Four-wheel freedom

Do you remember when you passed your driving test?

hand on driving wheel

When I first got my driving licence, all I wanted to do was get insured on my mum’s car as soon as possible and go for my first solo drive.

Eventually, the novelty of driving around aimlessly wore off and since living in London my reliance on a car is small.

I also now ensure that I wear my spectacles when I get behind the wheel. Although my prescription is minimal, the difference is noticeable with number plates and road signs appearing crisper.

The freedom experienced when I first got my licence is something I won’t forget, but it soon becomes something that you take for granted.

However, the importance of a car is not lost on older drivers as they seek to maintain their independence.

This might go some way to explain statistics released by the Driving and Vehicle Licensing Agency (DVLA) this week.

It revealed that there are more octogenarians than teenagers with driving licenses in Great Britain.

The latest driving licence numbers from August 2019 show that there were 336 drivers who were aged 100 or older, including three drivers in their 108th year. The number of octogenarians on UK roads has grown by 37% since 2012, from 988,424 to 1,356,513.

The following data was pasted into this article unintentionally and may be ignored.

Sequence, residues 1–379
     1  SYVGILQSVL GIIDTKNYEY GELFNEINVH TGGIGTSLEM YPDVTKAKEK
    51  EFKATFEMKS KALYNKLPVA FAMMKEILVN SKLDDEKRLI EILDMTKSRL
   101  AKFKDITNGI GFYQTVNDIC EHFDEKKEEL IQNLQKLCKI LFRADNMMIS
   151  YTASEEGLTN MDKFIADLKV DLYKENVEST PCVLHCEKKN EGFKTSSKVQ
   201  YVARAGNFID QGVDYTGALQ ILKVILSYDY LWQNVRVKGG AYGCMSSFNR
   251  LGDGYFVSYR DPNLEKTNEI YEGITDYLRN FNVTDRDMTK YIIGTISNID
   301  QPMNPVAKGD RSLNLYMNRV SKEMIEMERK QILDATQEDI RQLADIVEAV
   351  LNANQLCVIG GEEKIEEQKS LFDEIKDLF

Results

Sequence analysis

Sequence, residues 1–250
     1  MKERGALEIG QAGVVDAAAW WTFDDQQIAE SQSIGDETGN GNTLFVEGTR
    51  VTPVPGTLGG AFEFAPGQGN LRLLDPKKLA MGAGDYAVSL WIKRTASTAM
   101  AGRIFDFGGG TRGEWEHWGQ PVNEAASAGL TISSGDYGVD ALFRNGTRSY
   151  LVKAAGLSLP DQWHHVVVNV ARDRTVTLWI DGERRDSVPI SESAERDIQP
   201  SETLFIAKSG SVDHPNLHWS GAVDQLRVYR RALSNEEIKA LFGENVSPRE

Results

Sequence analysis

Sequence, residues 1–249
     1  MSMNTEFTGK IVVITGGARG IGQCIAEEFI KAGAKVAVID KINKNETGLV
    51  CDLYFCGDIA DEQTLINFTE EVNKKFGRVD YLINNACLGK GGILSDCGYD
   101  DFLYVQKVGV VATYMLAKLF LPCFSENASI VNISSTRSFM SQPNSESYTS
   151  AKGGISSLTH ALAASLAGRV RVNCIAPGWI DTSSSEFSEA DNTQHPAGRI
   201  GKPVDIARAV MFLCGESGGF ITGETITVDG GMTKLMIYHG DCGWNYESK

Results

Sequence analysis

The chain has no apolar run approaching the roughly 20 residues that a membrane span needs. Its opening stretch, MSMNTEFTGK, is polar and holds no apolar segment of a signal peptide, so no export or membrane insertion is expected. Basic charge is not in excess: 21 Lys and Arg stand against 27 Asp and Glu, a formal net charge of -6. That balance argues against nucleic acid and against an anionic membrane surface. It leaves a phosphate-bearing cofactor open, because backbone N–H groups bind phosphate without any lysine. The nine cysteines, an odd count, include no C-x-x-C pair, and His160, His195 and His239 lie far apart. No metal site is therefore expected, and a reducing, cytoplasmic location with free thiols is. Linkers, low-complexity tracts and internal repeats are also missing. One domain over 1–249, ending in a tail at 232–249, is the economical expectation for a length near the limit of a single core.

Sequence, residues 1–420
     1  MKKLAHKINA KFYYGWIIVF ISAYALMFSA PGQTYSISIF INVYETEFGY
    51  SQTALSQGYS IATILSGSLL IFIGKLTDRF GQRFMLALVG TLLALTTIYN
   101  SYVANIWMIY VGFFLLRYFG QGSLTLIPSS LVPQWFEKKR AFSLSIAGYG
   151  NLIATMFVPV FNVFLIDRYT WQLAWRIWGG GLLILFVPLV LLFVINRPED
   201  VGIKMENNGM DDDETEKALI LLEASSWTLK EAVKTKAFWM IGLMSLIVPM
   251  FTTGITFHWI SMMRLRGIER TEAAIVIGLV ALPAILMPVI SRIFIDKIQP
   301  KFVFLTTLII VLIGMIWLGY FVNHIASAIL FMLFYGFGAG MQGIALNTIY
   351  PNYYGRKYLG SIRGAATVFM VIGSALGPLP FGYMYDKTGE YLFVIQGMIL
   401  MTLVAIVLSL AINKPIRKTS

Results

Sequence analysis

Promoting eye health among an ageing population is something that all optometrists are familiar with and as Brake gets ready for its annual Road Safety Week next week (18–24 November), driving and vision is high on the agenda.

How is your practice getting involved in Road Safety Week? Email OT to share your story.

In OT’s November issue, the AOP’s PR and media manager, Serena Box, discusses the establishment and the impact of the Association’s Don’t swerve a sight test campaign.

“We’re making sure vision and driving stays on the agenda by increasing our collaborative work and by diversifying the way we reach the public,” Ms Box explained.

OT also heard from Roger Anderson, who is a member of the Secretary of State for Transport’s Honorary Medical Advisory Panel on Driving and Visual Disorders.

Speaking about the role of optometrists, he highlighted: “The standards for Group 1 and Group 2 licences are readily accessible but there are regular referrals to the DVLA, often from optometrists, where the driver does not appear to possess the required standard of vision.”

Mr Anderson shared that the panel is aware that current visual regulations for drivers “may not be appropriate in the future” and acknowledged the lobbying work of organisations, including the AOP, for retesting in the UK.

Image credit: Getty/welcomia